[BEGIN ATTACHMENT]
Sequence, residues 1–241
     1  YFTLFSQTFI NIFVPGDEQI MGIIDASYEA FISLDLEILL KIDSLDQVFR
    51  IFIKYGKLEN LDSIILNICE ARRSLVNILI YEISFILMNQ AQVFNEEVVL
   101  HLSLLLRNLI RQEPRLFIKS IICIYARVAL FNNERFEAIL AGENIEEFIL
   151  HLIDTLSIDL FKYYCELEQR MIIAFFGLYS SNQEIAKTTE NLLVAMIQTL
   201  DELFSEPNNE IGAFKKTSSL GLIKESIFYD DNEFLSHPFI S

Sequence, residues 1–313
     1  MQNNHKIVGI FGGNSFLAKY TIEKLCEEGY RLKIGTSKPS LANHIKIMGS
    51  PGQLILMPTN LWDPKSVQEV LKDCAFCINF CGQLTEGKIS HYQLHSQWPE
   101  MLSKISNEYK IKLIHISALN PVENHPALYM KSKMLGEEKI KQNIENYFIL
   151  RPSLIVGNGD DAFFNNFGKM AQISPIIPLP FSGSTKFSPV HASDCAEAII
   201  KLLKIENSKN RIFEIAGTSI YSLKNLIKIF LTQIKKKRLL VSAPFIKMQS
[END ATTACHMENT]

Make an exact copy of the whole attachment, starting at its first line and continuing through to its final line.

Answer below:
Sequence, residues 1–241
     1  YFTLFSQTFI NIFVPGDEQI MGIIDASYEA FISLDLEILL KIDSLDQVFR
    51  IFIKYGKLEN LDSIILNICE ARRSLVNILI YEISFILMNQ AQVFNEEVVL
   101  HLSLLLRNLI RQEPRLFIKS IICIYARVAL FNNERFEAIL AGENIEEFIL
   151  HLIDTLSIDL FKYYCELEQR MIIAFFGLYS SNQEIAKTTE NLLVAMIQTL
   201  DELFSEPNNE IGAFKKTSSL GLIKESIFYD DNEFLSHPFI S

Sequence, residues 1–313
     1  MQNNHKIVGI FGGNSFLAKY TIEKLCEEGY RLKIGTSKPS LANHIKIMGS
    51  PGQLILMPTN LWDPKSVQEV LKDCAFCINF CGQLTEGKIS HYQLHSQWPE
   101  MLSKISNEYK IKLIHISALN PVENHPALYM KSKMLGEEKI KQNIENYFIL
   151  RPSLIVGNGD DAFFNNFGKM AQISPIIPLP FSGSTKFSPV HASDCAEAII
   201  KLLKIENSKN RIFEIAGTSI YSLKNLIKIF LTQIKKKRLL VSAPFIKMQS